Now it’s time to haul the Katahdin out of the water and clean the hull. I have to tow her with our skiff and can do this only at high slack. Problem is, that everyone else moves around at high slack–including this skiff, two seaplanes, a fuel barge and a ferry so it’s a crowded harbor. The current is still running about half a knot and we bounce around until we can get a line on the dock at the marine rail.
Then we hand pull all 120 tons into the cradle….
Once we get her wedged in and blocked, the rail hauls us out slowly to reveal quite a mess on the hull–the result of five years of procrastination. Actually, we’ve devoted all our time to the restoration of 10 buildings at Totland but now it’s time to catch up.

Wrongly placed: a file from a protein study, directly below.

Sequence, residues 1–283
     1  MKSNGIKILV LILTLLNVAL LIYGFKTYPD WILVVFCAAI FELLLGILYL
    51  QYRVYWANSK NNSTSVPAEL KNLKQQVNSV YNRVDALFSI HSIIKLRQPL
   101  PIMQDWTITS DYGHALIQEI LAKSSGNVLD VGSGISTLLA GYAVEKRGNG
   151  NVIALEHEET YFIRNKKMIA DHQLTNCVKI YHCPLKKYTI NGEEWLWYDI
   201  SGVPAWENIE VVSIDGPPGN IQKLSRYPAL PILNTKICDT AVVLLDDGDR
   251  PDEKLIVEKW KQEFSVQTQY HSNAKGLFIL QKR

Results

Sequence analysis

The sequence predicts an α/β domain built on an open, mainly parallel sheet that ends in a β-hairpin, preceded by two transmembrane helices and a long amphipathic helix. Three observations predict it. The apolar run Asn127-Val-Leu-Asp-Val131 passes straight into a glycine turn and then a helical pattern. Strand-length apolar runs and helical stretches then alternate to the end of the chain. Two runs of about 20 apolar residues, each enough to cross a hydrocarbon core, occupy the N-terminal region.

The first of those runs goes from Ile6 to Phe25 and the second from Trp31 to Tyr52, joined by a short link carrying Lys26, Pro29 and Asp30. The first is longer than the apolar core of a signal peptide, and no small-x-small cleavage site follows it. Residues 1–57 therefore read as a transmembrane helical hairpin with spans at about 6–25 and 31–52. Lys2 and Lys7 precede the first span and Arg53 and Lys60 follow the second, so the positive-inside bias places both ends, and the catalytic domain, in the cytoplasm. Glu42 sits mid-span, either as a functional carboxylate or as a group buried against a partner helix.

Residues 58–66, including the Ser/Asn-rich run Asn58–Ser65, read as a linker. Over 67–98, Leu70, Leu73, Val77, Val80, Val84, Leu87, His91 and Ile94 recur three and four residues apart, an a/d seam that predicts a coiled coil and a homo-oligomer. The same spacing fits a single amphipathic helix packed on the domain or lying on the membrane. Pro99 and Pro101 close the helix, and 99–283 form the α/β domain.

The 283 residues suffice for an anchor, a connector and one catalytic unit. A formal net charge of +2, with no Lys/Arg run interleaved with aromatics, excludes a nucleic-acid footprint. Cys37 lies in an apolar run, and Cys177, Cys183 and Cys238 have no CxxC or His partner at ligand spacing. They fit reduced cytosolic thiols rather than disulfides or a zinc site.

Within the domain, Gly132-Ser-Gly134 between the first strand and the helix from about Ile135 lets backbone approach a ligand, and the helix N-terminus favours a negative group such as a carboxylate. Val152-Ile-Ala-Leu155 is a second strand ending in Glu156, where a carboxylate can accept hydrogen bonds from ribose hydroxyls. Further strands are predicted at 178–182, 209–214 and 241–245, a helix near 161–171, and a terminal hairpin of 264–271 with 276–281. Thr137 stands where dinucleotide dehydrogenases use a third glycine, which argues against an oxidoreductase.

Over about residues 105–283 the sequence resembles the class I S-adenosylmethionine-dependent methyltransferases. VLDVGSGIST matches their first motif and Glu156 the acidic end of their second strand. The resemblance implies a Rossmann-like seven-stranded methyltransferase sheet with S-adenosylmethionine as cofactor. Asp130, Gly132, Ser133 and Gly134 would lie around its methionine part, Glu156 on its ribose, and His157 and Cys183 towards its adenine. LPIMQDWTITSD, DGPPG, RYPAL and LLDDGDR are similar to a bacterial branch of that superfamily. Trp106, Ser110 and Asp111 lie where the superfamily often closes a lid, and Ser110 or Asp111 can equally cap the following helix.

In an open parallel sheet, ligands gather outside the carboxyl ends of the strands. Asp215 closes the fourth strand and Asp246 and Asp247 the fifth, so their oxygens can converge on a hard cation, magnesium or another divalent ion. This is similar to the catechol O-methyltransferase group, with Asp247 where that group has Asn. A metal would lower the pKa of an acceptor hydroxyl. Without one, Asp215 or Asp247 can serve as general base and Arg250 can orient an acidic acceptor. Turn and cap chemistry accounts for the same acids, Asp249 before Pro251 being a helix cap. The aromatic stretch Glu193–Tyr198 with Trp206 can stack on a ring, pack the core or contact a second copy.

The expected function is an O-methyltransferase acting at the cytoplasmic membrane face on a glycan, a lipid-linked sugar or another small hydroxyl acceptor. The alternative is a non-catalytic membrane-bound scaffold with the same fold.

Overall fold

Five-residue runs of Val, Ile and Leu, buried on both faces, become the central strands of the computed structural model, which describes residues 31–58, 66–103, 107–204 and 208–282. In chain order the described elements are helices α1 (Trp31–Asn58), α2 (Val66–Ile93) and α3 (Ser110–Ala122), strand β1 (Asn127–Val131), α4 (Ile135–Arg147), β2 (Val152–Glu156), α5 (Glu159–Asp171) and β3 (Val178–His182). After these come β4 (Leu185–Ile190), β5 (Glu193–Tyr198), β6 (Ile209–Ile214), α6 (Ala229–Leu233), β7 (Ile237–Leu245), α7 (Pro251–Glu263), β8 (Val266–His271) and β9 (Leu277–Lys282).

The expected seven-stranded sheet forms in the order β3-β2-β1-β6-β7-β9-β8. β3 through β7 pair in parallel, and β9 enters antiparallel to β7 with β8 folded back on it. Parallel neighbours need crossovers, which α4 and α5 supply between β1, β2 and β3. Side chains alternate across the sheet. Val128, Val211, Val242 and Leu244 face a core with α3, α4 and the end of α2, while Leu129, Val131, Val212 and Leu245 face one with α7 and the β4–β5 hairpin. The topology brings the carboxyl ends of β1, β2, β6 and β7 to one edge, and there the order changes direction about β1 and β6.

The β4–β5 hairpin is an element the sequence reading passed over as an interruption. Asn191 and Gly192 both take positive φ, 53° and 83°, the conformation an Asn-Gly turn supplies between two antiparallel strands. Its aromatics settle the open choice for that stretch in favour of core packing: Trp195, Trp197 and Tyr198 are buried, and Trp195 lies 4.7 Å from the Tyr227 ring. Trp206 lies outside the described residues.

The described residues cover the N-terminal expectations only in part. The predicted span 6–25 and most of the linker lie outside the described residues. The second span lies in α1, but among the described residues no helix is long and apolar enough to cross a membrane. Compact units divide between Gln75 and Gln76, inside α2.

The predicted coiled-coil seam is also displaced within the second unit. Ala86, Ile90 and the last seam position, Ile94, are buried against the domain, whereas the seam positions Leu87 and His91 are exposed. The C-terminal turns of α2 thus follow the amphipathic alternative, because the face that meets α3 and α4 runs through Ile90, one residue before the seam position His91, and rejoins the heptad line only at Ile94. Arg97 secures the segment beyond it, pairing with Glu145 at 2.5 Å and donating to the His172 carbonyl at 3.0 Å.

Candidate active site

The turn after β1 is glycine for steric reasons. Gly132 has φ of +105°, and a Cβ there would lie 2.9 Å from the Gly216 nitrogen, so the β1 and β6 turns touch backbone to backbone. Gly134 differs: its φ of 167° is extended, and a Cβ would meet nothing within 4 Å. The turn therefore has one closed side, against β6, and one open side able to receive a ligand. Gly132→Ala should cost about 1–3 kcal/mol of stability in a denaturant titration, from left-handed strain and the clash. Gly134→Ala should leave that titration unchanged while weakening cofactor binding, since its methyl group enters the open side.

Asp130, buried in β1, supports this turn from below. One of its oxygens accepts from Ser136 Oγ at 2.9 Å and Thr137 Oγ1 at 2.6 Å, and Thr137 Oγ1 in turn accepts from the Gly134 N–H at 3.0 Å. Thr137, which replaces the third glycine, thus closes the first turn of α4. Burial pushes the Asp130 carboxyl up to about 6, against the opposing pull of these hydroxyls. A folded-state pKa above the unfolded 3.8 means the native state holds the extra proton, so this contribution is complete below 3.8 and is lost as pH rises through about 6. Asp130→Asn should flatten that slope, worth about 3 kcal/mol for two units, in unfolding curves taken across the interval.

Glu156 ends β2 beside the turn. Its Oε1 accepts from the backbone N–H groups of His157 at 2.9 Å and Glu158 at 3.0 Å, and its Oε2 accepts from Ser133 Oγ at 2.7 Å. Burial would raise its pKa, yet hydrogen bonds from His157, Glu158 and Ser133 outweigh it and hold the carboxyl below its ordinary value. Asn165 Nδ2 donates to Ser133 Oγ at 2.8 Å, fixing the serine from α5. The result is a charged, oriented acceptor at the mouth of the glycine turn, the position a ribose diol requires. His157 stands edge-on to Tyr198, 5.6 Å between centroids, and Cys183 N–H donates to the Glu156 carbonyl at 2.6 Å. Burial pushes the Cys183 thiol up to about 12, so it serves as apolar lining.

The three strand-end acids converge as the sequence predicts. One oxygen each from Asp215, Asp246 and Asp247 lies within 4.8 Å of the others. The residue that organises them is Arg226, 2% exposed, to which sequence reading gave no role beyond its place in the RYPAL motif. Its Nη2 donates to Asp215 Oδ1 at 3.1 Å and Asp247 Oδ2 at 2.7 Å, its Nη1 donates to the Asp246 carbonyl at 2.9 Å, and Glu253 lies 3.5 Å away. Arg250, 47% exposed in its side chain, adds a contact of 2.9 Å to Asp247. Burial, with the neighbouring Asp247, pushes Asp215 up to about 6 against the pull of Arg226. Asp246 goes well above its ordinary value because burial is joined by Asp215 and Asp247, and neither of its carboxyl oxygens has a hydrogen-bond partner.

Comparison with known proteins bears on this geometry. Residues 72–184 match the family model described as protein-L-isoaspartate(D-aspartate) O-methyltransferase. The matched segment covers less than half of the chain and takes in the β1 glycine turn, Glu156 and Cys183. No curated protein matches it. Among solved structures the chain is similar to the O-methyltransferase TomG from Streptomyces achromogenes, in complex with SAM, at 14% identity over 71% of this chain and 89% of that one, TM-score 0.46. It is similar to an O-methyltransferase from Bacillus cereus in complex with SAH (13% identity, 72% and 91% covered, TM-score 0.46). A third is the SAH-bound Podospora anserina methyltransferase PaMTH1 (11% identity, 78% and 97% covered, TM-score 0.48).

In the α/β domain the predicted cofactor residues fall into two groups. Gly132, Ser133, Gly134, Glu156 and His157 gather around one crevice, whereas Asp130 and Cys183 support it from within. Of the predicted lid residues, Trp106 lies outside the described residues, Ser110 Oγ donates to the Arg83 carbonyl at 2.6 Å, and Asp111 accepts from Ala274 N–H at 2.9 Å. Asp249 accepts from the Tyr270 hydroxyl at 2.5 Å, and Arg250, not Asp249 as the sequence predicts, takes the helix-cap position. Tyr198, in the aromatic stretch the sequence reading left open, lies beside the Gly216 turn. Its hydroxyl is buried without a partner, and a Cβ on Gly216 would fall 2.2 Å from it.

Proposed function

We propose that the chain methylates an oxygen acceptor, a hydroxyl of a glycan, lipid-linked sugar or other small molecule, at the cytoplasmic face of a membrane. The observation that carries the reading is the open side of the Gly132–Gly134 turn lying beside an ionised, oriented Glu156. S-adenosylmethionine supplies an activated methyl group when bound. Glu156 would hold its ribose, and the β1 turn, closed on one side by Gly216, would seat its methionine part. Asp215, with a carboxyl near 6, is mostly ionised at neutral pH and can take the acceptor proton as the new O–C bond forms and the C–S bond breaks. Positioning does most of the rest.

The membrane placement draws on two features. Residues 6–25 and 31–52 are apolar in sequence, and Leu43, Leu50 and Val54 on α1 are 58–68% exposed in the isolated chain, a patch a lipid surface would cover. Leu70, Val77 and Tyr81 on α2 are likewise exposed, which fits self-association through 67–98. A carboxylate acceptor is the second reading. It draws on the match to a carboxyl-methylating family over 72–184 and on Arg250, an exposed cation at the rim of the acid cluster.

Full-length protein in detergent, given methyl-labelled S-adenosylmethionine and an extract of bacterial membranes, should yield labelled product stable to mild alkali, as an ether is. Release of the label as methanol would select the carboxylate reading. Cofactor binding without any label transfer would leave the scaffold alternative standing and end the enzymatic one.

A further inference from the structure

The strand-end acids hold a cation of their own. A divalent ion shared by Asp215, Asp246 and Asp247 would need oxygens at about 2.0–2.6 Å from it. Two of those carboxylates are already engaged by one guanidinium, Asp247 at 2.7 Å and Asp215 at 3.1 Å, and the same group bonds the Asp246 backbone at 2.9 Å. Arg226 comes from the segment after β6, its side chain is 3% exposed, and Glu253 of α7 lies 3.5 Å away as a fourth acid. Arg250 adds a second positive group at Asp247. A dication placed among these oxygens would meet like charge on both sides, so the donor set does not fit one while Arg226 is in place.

Double Yikes! Look at this mess–even starfish! This is Marine Biology 101! Time to get out the scrapers and pressure washers….
No wonder I couldn’t steer!
All the growth was removed by hand, then pressure washed. In all there were 25 wheelbarrow loads of this stuff.
Then we get out the tools of the trade–caulking mallets and irons….
With the help of a local shipwright, I first reef the seams that are questionable, cleaning them before threading first cotton followed by oakum (hemp and pine tar). Then the seams are painted and then cemented with hydraulic cement. We spend two days cleaning up seams, plugs, etc. before the two coats of bottom paint just prior to launch.
Here are a couple of seams ready for touch-up. The hull is now spotless.
Meanwhile the bears move in without an invitation. Here, mom checks out our barbeque. Fortunately, we didn’t have any fish on it. This bear has been making the rounds along the Narrows and seems quite agressive….
….with a cub in tow.
Kupreanof prayer flags…. Looks like we’ll need to post a Katahdin III. Stay tuned!